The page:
During May, General Scott at his headquarters near St. Augustine antagonized the Florida settlers by accusing them of cowardice and also the volunteers by officially requesting Washington that he be sent 3,000 "good troops (not volunteers)." Floridians burned him in effigy and cheered when he was transferred to Georgia at the end of May to put down an uprising of the Creek Nation, which was threatening to spill over from eastern Alabama into Georgia and Florida. There the general got into trouble with Bvt. Maj. Gen. Thomas S. Jesup, In command of operations in Alabama, who won a battle with the Indians before Scott could put his own elaborate plans into effect. In a letter to one of the President's advisers, Jesup charged Scott with unnecessary delay—"the Florida scenes enacted all over again."
The upshot of the controversy with Jesup was Scott's recall to Washington to face a court of inquiry. The court absolved him of all blame for the Florida fiasco, but he was not returned to the Seminole War. Instead, he was given diplomatic missions, for which he had demonstrated his ability during the South Carolina Nullification Crisis in 1833, when he managed to strengthen the federal forts around Charleston without provoking hostilities. He was successful in resolving several conflicts that broke out between American and Canadian settlers on the northern frontier and in persuading 15,000 Cherokee Indians in Georgia to move west peaceably.
The war in Florida continued for six years. General Jesup, commanding from late 1836 to May 1838, was not able either to persuade the Indians to leave Florida or to drive them out. His successor, Bvt. Brig. Gen. Zachary Taylor, adopted a policy of dividing the disaffected region into small districts and search-
ing out the Indians with a pack of bloodhounds provided at one time by the state of Florida—a brief and unsuccessful experiment that aroused a furor in the United States. Taylor's search-and-destroy methods might have produced results, given time, but the War Department insisted on another attempt at negotiation and suspended hostilities. The raids were resumed. Taylor asked to be relieved and was followed by Bvt. Brig. Gen. Walker K. Armistead, who again tried negotiation and failed. In May I841 Armistead was succeeded by Col. William J. Worth, who brought about a radical change. Hitherto the campaign in Florida had been suspended during the summer season when fever and dysentery were prevalent. Worth campaigned throughout the summer of 1841, preventing the Indians from raising and harvesting crops. By waging a ruthless war of extermination and by destroying food supplies and dwellings, he routed the Indians out of their swamps and hammocks and permitted the war to be officially ended in August 1842.
The Second Seminole War had been guerrilla warfare, of a kind the Army was not equipped to fight. The effort depleted the Regular Army so seriously that in July 1838 its authorized strength had to be increased from around 7,ooo to about 12,500 men. A total of about 10,000 Regulars and perhaps 30,000 short-term volunteers had been engaged. Almost 1,600 men had lost their lives in battle or from disease and about $30 million had been spent in order that 3,800 half-starved Indians might be shipped west.
With some of this money and effort, the Army had bought experience, especially in transportation—the most pressing problem of the war. For example, the Quartermaster General had developed a light ponton wagon, lined with India rubber cloth, for crossing rivers. At General Jesup's request, the Secretary of War revived the corps of artificers that had been authorized for the War of 1812. It provided mechanics and laborers to keep wagons and boats in repair. The war taught a great deal about water transportation. Before it was over the Army was turning away from dependence on steamboats hired from private contractors to Army-owned steamboats, more reliable and cheaper in the end. The problem of navigating shallow rivers was solved by building flat-bottomed bateaux. These lessons in transportation were to be put to good use in the Mexican War.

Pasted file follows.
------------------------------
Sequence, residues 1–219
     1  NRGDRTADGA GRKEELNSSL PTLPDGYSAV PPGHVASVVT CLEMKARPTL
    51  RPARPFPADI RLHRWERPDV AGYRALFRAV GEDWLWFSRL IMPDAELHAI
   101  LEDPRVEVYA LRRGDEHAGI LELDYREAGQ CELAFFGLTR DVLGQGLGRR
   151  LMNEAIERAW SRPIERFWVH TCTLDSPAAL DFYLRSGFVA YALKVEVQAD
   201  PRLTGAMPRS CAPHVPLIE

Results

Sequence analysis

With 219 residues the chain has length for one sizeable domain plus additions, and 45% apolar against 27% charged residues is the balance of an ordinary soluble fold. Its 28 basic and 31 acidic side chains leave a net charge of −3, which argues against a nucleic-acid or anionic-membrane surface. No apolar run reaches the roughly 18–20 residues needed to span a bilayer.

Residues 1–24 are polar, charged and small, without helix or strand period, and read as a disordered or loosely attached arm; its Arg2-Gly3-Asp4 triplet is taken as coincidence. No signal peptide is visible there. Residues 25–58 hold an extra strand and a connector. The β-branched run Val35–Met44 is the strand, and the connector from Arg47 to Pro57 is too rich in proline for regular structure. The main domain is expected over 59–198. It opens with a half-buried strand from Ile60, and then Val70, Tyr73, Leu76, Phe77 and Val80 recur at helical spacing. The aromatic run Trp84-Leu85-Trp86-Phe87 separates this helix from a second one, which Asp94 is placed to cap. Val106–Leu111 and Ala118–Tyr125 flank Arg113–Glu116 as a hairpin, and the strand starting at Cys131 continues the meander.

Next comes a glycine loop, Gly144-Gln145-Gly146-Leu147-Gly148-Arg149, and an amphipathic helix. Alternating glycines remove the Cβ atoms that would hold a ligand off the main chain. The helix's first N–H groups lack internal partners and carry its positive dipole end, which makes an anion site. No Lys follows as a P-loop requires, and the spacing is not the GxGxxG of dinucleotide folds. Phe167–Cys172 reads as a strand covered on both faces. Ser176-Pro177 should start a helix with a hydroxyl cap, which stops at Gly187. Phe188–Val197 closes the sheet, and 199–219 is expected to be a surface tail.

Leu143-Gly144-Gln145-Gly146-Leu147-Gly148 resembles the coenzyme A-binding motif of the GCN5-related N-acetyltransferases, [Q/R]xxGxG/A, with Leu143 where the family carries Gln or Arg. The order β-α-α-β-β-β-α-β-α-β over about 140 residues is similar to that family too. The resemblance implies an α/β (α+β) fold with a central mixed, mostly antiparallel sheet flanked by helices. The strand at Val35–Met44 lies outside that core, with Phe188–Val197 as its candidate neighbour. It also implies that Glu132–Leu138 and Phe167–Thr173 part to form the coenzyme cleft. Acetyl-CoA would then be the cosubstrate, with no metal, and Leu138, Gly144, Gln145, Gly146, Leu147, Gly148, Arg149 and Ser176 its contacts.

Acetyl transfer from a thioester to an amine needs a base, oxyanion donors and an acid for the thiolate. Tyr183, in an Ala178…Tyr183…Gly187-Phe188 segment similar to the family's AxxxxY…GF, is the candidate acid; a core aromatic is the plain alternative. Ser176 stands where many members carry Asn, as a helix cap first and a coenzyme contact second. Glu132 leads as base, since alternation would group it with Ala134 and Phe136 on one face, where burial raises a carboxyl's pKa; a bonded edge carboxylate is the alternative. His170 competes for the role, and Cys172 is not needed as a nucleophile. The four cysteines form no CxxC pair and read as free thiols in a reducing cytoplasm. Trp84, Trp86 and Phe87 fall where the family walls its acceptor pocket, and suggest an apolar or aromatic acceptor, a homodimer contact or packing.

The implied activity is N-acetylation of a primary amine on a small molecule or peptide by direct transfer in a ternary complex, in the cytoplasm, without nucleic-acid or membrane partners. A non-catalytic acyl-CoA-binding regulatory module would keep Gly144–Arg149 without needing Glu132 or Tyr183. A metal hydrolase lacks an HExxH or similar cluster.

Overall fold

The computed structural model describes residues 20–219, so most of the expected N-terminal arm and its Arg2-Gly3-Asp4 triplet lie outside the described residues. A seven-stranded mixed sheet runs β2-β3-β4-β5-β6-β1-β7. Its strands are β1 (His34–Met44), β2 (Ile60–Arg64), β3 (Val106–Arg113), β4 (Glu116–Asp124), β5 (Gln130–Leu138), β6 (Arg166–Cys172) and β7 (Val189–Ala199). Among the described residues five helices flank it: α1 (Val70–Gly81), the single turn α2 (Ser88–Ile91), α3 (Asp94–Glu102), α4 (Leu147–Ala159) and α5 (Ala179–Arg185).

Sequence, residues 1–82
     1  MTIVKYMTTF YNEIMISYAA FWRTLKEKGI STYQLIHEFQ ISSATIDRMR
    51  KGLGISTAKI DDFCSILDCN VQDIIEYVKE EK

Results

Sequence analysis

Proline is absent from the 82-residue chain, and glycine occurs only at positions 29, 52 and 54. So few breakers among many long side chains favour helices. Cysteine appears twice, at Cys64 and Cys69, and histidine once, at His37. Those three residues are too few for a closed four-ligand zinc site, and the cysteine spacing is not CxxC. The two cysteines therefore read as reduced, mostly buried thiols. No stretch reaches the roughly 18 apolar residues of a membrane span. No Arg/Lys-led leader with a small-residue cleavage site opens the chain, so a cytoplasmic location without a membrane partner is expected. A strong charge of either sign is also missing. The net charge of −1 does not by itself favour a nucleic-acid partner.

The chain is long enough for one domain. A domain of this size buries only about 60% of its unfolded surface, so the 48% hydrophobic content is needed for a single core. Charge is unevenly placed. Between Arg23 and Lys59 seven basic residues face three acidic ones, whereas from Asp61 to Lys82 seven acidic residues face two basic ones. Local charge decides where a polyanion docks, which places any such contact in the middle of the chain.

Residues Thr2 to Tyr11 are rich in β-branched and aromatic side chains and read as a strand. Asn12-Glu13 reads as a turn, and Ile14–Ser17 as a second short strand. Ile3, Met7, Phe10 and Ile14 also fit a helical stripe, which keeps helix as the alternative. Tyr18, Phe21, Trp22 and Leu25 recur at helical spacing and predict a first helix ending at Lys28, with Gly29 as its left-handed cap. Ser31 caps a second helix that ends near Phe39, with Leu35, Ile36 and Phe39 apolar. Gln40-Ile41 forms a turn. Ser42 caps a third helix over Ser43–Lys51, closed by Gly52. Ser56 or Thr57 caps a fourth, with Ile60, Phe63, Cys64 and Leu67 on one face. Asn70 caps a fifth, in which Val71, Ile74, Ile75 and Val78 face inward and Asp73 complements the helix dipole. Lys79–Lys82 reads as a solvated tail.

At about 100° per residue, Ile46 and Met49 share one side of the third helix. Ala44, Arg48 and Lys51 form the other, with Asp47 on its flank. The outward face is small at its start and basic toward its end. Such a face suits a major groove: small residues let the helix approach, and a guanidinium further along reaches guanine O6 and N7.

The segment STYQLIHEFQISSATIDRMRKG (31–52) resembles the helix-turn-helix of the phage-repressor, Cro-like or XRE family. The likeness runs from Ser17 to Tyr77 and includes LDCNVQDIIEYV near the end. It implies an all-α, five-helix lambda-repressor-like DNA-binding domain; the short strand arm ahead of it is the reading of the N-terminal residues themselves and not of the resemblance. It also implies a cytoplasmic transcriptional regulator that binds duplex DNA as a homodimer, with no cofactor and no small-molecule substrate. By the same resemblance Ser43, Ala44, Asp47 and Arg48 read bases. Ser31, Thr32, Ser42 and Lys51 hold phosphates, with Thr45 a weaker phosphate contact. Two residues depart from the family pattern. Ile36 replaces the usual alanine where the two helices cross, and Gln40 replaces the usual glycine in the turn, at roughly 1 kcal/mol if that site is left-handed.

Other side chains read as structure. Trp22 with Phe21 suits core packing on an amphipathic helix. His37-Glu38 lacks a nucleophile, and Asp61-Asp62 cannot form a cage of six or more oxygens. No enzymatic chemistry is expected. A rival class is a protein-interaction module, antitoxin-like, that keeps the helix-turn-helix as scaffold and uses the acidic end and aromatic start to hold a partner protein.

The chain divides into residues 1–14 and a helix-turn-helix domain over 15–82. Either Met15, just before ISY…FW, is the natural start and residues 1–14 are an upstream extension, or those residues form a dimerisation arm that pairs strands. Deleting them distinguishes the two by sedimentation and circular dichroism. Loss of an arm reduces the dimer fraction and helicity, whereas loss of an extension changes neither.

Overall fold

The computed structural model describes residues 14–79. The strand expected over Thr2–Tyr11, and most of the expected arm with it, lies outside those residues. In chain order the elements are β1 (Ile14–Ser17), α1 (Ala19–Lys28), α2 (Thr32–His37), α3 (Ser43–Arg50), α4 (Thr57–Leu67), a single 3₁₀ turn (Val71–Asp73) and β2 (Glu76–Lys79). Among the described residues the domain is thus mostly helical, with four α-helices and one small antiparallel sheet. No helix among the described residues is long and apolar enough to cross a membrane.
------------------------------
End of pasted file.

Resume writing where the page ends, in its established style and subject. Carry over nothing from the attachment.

Westward Expansion and the Texas Issue
Army pioneering expeditions from Fort Leavenworth in the 1820'S and 1830'S had been undertaken mainly for making treaties with the Great Plains Indians and for protecting trading caravans. Beginning in the early 1840'S the prime consideration was to help the American settlers pouring westward. In
1842 2d Lt. John C. Fremont of the Corps of Topographical Engineers led an expedition to explore and map the Platte River country for the benefit of emigrants moving over the Oregon Trail; on a second expedition in 1843 he reached Sacramento, Upper California.
In 1842 Fremont reported seeing emigrant parties totaling 64 men and 16 or 17 families. Three years later, when Col. Stephen W. Kearny took five companies of the 1st Dragoons over the Oregon Trail on a march undertaken primarily for the protection of the emigrants, he saw on the trail 850 men and about 475 families in long caravans followed by thousands of cattle.
Some of the pioneers on the Oregon Trail settled in Upper California; but the main stream of American emigration into Mexican territory went to Texas. Between 1825 and 1830 approximately 15,000 emigrants with several thousand Negro slaves poured into Texas. In March of 1836 they proclaimed their independence from Mexico. The Mexicans, under General Antonio Lopez de Santa Ana, moved against the rebels and destroyed the garrison in the Alamo after a siege that lasted thirteen days. American volunteers rushed across the Sabine River to help the Texans. General Gaines, stationed on the western frontier of Louisiana to defend Louisiana and maintain American neutrality, was authorized to cross the Sabine River, generally regarded as the boundary line, but not to go beyond Nacogdoches, fifty miles west of the Sabine, which marked the extreme limit of American claims. He was at the Sabine when General Sam Houston won his victory over Santa Ana at San Jacinto on April 21, 1836. Fired by wild rumors of Mexican reinforcements, Gaines crossed the Sabine with a force of Regulars and in July occupied Nacogdoches, remaining there until recalled in December 1836.
For nearly ten years Texas existed as an independent nation, desiring annexation to the United States but frustrated because annexation had become tied up with the slavery controversy. Northerners saw annexation as an attempt by the South to extend slavery. During this decade Mexico, refusing to recognize Texan independence, made sporadic attempts to recover its lost province. Raids marked by extreme ruthlessness and ferocity by both Texans and Mexicans kept the country along the border in constant turmoil.